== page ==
Also, you can score a great deal on a home-swap arrangement, which many French families are keen to do. By swapping your home abroad with a French family, you both save on cost—with an added benefit of having access to their “hometown” network. You can find such exchange opportunities on the French website Le Bon Coin. (See: Leboncoin.fr.) Just select which region you’re interested in visiting and peruse the exchanges. Longer term vacation rentals on the Bon Coin site are also interesting. For example, you can rent a one-bedroom apartment in Aix-en-Provence during the summer months (when the university students are away) starting at $750 a month.
Another great site to find home rentals, exchanges, and even housesitting is Sabbatical Homes. (See: Sabbaticalhomes. com.) You’ll need to select your desired accommodation (that is, rental), and then enter the city in France where you’d like to stay. A recent search for Paris found 371 rental, 57 exchange, and 10 housesitting opportunities.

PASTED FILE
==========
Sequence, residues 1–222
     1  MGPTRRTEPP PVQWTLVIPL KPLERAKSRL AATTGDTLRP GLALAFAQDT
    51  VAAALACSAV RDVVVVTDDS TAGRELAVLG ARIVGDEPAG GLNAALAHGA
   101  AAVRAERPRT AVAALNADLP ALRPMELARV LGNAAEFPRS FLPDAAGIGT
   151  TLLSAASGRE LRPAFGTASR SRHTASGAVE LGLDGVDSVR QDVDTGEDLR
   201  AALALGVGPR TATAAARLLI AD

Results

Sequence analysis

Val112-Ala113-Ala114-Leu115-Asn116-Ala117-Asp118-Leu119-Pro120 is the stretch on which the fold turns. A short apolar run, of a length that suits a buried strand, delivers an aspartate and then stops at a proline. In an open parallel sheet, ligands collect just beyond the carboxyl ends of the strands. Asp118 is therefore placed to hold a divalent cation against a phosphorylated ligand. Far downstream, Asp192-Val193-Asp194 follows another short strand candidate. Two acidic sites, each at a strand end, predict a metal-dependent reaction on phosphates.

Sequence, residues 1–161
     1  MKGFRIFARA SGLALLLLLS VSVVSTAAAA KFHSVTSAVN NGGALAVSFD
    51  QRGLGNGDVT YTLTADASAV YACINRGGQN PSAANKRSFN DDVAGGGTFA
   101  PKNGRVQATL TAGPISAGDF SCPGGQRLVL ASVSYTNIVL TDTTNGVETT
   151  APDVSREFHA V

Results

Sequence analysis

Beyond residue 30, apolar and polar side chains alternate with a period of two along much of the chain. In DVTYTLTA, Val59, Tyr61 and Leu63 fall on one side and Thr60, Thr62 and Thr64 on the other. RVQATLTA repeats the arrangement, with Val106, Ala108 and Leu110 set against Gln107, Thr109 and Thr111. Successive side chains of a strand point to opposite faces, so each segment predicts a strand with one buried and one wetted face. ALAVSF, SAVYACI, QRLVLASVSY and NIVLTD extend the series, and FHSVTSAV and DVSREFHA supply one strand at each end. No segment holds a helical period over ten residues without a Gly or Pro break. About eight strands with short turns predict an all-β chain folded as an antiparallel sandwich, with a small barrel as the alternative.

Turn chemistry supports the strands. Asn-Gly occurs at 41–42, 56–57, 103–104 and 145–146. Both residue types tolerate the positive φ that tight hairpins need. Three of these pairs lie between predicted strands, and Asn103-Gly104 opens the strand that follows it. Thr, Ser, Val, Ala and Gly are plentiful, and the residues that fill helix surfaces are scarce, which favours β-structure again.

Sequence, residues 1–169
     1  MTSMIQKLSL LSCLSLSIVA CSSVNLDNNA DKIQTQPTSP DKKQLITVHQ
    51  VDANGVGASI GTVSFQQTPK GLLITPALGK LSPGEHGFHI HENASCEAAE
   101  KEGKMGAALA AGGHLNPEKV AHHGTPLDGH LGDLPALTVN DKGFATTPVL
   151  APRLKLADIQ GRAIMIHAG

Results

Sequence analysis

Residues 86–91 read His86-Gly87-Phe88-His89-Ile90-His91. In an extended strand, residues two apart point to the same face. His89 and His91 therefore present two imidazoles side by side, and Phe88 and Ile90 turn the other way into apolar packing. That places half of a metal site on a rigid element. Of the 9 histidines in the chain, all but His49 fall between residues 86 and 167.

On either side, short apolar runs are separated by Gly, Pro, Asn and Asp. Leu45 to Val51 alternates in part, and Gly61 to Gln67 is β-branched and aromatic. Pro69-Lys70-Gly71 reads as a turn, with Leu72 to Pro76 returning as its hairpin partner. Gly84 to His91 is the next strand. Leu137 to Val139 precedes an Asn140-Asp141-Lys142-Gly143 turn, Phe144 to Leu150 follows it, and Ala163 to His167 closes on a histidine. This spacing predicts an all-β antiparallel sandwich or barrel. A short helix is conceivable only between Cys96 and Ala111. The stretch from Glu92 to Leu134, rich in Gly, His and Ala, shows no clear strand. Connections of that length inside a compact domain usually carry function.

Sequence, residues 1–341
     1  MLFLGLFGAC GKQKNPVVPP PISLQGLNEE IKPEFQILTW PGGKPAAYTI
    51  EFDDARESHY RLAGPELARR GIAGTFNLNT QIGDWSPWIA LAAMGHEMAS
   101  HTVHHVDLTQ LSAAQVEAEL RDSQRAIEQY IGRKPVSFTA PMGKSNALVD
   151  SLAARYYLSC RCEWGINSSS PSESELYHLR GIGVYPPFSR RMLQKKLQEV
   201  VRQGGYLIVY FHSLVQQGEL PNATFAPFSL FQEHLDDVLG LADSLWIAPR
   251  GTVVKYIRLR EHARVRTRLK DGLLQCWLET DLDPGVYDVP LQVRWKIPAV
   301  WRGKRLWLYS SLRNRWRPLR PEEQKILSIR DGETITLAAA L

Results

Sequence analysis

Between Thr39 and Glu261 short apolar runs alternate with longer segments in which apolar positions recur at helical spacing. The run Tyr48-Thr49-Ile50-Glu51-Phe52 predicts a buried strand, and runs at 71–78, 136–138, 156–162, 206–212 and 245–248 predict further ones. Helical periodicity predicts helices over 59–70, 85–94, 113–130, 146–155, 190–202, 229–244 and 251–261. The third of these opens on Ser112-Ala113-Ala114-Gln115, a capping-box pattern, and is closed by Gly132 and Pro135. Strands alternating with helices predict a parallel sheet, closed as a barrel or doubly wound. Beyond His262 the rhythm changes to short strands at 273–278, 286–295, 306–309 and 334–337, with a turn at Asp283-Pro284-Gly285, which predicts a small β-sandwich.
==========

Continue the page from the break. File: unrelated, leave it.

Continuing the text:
France provides many affordable ways to move around the country. I prefer to travel by train. If you book far enough in advance, the rates can be very low. A ticket from the southern town of Toulon to Paris can run you more than $105 one way, but I’ve scored tickets for $41 each way by booking around two to three months in advance.
Interestingly, sometimes the difference between a second-class and a first-class ticket on French trains is very little. I’ve upgraded to first-class several times by paying just an additional $12 to $14. And boy, was it worth it. There’s nothing like rolling through the French countryside in luxurious comfort.